Laboratory Accreditation for Analyses of Foods (LAAF) FAQBlog
1. What is LAAF?
The FDA Food Safety Modernization Act (FSMA) final rule on Laboratory Accreditation for Analyses of Foods (LAAF) establishes a laboratory accreditation program for the testing of food in certain circumstances. Under the LAAF program, FDA will recognize accreditation bodies (ABs) that will accredit laboratories to the standards established in the final rule (referred to as LAAF-accredited laboratories).
The establishment of the LAAF program is intended to improve the accuracy and reliability of certain food testing through the uniformity of standards and enhanced FDA oversight of participating laboratories.
2. Who is affected by this rule?
The LAAF final rule applies to accreditation bodies and food testing laboratories that wish to participate in the program. Their participation is entirely voluntary. In certain circumstances, owners and consignees will be required to use LAAF-accredited laboratories to conduct food testing.
3. What testing is covered?
After the LAAF final rule is fully implemented, owners and consignees will be required to use a LAAF-accredited laboratory for food testing:
- to support removal from an import alert through successful consecutive testing (e.g., to get a food product or firm removed from the red list);
- to support the admission of an imported food (e.g., articles of human or animal food and U.S. goods returned that are articles of food) detained at the border because it is or appears to be in violation of the Federal Food, Drug, and Cosmetic Act (e.g., products that contain or appear to contain unapproved food additives, including unauthorized food contact substances);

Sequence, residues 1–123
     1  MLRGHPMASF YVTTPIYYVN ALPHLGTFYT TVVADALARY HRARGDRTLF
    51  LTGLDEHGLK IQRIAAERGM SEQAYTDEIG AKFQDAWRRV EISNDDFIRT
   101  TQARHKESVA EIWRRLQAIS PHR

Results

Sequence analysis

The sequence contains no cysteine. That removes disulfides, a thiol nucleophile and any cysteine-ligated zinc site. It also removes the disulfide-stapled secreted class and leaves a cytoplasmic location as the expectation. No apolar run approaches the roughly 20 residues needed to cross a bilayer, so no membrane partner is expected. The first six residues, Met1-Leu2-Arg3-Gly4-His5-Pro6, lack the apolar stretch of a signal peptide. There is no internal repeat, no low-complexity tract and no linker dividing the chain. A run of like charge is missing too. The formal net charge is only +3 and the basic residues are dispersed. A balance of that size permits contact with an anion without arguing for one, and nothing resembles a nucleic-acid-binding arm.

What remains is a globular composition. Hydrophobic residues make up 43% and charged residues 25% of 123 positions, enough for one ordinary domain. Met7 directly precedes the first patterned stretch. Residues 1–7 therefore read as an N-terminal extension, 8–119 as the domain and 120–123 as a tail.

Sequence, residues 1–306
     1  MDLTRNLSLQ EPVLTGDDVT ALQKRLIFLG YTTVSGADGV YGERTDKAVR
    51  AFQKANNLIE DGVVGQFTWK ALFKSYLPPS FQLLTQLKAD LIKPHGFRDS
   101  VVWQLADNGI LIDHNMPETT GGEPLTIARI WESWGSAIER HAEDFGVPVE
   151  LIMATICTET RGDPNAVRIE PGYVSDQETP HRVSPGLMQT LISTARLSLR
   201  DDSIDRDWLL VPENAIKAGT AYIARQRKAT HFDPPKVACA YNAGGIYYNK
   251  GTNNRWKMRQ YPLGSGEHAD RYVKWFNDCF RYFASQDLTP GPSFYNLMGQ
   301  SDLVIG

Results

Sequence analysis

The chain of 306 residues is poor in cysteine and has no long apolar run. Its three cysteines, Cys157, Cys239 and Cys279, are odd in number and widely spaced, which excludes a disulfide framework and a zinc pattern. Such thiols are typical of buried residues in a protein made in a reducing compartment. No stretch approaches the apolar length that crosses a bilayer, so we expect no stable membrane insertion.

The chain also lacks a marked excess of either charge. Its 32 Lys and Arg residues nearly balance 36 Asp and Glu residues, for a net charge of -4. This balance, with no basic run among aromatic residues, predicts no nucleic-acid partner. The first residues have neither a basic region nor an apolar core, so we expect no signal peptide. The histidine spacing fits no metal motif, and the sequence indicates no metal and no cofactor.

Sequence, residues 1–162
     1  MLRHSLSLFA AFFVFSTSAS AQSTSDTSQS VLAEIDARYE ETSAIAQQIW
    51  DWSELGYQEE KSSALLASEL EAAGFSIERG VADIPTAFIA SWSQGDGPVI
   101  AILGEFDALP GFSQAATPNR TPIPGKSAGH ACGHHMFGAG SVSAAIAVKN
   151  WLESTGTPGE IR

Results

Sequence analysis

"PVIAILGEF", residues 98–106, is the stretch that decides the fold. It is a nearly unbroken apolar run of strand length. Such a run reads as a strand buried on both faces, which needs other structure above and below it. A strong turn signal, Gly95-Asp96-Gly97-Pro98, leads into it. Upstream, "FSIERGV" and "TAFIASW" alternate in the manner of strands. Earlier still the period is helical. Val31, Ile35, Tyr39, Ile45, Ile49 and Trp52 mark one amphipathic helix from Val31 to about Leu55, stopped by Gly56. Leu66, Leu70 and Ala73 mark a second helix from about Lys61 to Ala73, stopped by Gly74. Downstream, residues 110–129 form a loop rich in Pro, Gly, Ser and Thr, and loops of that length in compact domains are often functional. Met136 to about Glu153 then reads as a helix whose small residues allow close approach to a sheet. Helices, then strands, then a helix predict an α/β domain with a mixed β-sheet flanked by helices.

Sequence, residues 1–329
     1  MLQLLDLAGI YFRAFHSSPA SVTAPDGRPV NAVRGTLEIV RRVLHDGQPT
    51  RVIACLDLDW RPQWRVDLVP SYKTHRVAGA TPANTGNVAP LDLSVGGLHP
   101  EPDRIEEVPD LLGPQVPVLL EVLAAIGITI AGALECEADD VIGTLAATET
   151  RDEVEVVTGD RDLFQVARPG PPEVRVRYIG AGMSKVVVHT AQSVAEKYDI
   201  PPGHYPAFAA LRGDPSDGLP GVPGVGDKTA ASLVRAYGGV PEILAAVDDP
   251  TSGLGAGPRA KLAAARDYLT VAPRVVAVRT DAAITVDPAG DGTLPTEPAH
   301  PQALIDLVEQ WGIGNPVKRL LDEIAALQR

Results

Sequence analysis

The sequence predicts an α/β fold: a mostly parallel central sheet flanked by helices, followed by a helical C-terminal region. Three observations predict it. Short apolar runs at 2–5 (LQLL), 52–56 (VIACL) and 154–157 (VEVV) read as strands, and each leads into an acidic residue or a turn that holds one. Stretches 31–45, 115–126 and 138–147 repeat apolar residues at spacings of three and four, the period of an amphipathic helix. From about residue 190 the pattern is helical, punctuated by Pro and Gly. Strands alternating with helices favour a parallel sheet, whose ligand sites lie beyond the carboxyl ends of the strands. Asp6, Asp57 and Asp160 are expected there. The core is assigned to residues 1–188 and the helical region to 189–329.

- required by existing FDA food safety regulations when applied to address an identified or suspected food safety problem (i.e., certain tests related to shell eggs, sprouts, and bottled drinking water);
- required by a directed food laboratory order, a new procedure being implemented in this final rule that will allow the FDA to require the use of a LAAF-accredited laboratory to address an identified or suspected food safety problem in certain, rare circumstances; and
- conducted in connection with certain administrative processes (e.g., testing submitted in connection with an appeal of an administrative detention order).
4. What is the LAAF program implementation timeline?
When there is sufficient LAAF-accredited laboratory capacity for the food testing covered by the final rule, the agency will publish a document in the Federal Register giving owners and consignees six months’ notice that they will be required to use a LAAF-accredited laboratory for such food testing.
The agency may issue more than one Federal Register document as LAAF-accredited laboratory capacity is attained for various types of food testing described in the final rule.
5. What is the scope of accreditation?
You may find our FDA LAAF scope of accreditation for our Gainesville facility at the A2LA website by clicking here.
6. How to submit a sample?
FDA LAAF program has specific guidelines that must be followed to submit an acceptable private laboratory analytical packet, including sampling plans, analytical methodology, photo reports, and entry documents.
To begin the FDA detention resolution process with Merieux, please contact us at firstname.lastname@example.org, and our expert team will guide you through the process to quickly resolve the detention.
- LAAF Compliance Guide (*new)
- LAAF DashboardLAAF final rule (86 FR 68728 (Dec. 3, 2021)) created LAAF regulations at 21 CFR part 1, subpart R (§§ 1.1101 – 1.1200)